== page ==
I just wanted to say a big thanks to Miffy for a great weekend. He kindly arranged for a small group of us lads to head up to Yorkshire for some Roe Buck stalking.
The rest of the lads arrived Friday afternoon and made haste but to no avail...not even a sign! After some grub (Miffy would make an excellent wife if anyone is looking!!) and a chat we bedded down at 11pm to be awoken at 3:30am in readiness for the following morning stalk.
With me stalking and Miffy providing guidance we headed eastward on the southern most block, coming to the end of the block and skirting around the eastern side downhill to start our stalk upwind along the base of the block. Upon coming across a clearing I clocked a Roe browsing in the open. Standing stock still it raised it's head...a doe! Whilst hoping to catch a buck in attendance we hoped to wait - but she wasn't having it and cleared off sharp'ish.
Miffy then stood and glasses the northern side of the valley where the forest edge meets the farmland. Some 800m away he spots a buck wondering up and down the fence looking to cross. "I'll stay here and guide you, you just pop over the river and stalk up to him" says Miffy...like crossing the river, and covering 800m uphill and down dale (mostly in sight of the buck) was just like playing hopscotch!! However, eager to bag my first I drop down into the valley bottom, cross the river, up the other side and start making a careful approach to an limestone escarpment in the dead ground now between the buck and I. He was still wandering up and down the fenceline and as I approached started heading away from me, I get back down into the dead ground and make to follow. We travel some distance down the valley until I see him turn and start to return. Crawling into position I await for his return. He stops about 120m from me broadside. Squeezing the trigger, the satisfying thump of a bullet hitting it's mark doesn't come back. Bugger!! He runs 20m and stands stock still looking at me. Having quickly cycled the next round in readiness I don't need to be told twice and put another round in his direction. Whilst the satisfying thump again does not come back, thankfully I now see him drop to the ground where he stood legs twitching. Finally!!
Miffy waves from the other side of the valley and makes his way over. Grinning we shake hands and approach my long awaited prize. Miffy takes a couple of photos and I'm absolutely made up - brilliant! 2.5 hour stalk, covering about 6km up until this point, but worth every minute! After performing the gralloch under Miffy's watchful eye I suggest that we take the carcass down to the road and then head back to the car for a quick retrieval. "No, no - I'll carry it whilst your stalking back" says Miffy! At this point I was aware we were probably still 4km from the car "It's OK" I say "I'm happy, lets leave this area for another day/stalker". "No, no - we're here to stalk so lets keep going" says Miffy!! So we stalked back, unfortunately not seeing another beast arriving back at the caravan about 9:30am - thoroughly ready for breakfast after our 6 hour, 10km stalk! And still Miffy cooks for the returning lads!!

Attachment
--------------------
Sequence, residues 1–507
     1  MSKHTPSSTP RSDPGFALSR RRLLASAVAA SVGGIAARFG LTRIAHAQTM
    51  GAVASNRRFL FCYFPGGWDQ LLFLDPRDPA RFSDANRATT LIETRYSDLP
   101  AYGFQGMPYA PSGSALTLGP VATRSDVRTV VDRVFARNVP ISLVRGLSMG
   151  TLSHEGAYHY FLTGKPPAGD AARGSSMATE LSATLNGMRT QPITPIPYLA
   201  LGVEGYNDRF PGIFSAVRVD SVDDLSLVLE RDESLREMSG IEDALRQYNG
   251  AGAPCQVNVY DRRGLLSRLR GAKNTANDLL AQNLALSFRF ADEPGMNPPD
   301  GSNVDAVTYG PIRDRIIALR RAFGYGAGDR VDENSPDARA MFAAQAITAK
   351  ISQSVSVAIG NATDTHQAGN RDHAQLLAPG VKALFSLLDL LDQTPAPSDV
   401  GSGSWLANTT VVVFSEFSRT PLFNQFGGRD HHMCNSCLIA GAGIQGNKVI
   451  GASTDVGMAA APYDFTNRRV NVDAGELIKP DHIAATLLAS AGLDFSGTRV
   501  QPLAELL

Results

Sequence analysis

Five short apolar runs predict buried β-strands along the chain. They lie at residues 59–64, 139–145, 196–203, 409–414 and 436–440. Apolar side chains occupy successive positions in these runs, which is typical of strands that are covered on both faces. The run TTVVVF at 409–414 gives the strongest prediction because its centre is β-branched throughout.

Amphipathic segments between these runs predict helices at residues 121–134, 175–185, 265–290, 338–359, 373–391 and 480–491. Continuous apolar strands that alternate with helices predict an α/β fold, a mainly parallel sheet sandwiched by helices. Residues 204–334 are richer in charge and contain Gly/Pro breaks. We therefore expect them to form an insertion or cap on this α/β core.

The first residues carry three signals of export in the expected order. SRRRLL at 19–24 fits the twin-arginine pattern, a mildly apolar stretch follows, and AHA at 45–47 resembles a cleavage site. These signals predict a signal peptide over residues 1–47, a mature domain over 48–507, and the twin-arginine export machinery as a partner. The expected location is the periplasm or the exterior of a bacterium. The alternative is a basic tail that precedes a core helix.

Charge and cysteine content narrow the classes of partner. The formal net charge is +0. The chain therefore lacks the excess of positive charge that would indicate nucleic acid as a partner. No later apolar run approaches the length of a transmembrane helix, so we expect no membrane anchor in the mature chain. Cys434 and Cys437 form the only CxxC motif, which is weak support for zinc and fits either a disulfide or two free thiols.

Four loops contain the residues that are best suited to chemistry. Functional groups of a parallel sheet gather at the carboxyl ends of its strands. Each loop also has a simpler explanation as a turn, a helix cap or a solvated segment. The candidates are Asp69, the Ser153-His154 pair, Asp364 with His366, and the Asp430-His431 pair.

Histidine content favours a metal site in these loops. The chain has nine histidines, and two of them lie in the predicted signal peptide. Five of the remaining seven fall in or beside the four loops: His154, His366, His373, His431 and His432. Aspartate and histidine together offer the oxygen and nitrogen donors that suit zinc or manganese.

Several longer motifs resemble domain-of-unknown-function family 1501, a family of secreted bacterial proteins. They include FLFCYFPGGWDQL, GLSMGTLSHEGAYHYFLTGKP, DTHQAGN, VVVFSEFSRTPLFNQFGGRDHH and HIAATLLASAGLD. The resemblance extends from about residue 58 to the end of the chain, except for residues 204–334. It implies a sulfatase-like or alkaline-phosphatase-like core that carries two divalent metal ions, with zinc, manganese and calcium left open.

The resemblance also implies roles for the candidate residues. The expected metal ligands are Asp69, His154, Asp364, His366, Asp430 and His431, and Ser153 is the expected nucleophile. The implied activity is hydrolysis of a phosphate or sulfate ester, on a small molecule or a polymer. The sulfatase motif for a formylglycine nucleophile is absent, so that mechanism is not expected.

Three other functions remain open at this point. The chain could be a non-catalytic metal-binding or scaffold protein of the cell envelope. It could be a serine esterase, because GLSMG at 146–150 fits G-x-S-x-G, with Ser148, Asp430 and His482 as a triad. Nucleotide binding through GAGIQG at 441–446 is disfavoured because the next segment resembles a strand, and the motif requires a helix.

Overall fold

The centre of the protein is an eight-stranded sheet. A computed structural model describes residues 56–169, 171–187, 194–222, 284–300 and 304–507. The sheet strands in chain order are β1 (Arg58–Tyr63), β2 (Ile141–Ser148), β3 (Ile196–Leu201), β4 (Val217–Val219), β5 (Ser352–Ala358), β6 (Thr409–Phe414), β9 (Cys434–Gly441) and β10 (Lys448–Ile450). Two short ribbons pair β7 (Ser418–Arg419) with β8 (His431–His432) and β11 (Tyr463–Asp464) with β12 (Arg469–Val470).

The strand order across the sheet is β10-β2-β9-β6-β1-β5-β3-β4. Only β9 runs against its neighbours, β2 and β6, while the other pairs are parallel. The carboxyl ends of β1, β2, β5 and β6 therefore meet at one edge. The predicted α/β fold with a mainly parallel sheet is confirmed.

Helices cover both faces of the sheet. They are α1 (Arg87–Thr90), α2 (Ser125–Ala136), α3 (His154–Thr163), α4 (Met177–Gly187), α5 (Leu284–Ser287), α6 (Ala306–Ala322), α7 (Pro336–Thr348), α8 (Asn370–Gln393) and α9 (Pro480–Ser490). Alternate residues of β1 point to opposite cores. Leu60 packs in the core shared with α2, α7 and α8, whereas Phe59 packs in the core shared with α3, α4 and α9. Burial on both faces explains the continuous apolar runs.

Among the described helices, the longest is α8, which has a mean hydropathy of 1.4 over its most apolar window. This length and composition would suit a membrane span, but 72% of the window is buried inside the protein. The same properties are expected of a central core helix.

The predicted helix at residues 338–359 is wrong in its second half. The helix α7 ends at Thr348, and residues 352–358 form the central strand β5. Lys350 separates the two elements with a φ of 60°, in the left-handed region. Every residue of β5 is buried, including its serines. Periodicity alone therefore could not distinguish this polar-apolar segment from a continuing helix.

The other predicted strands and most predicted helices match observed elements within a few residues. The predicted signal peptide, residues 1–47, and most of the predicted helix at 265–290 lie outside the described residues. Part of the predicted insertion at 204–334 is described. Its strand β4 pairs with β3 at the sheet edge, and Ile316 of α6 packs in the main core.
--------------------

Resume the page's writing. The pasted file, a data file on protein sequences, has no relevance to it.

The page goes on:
Upon inspection I had my buck with the first round, albeit a little high, but talking to the lads later I learnt two important points to remember - around woodland valleys the thump report is not always heard, and that if you miss...they will be off without stopping!! However, better safe than sorry trying to find a potentially wounded deer!! The buck itself was approximately 18 months old and just started to come out of velvet - he was a lovely looking beast though and one I will remember for a very long time!
We headed into the nearest village to make some phone calls and visit the local pub...for which I also got a ribbing having left my wallet back at the van!! Enjoying the craic we then headed back in readiness for the afternoon stalk.
At 4pm we all head out, Miffy and I taking to the northern block - initially checking out an area of newly planted woodland where seats had been positioned given the damage the deer was starting to amass. Not being ones to sit for too long we stalked up to the most north edge of the block, then headed around the eastern perimeter again re-entering halfway down the block. We made our way back to the newly planted area and sat to wait.
As twilight started to come down a doe stepped out, obviously pregnant but limping heavily. She kept to the cover before entering the area of dead ground ahead - I crept out of the seat for a better view but she was bounding off before long barking triumphantly into the woodland.
We gathered back in the van at about 9:30pm and nobody else had had much luck either. Albeit weary from another nearly 6 hour 10km stalk I had to offer my apologies and head back southwards - landing in my bed at 2am. A very long day but thoroughly worthwhile!
I have finally got the carcass all butchered and the last of the mince done (need to check my mincer for future though!) and enjoyed the fillets last night - delicious!
SO - A BIG thank you to Miffy for organising a great weekend and getting me onto the deer, sterling job, well done and many thanks! Thanks to the lads too, great to meet you all and have a good laugh too.
Finally, a picture of me and my buck.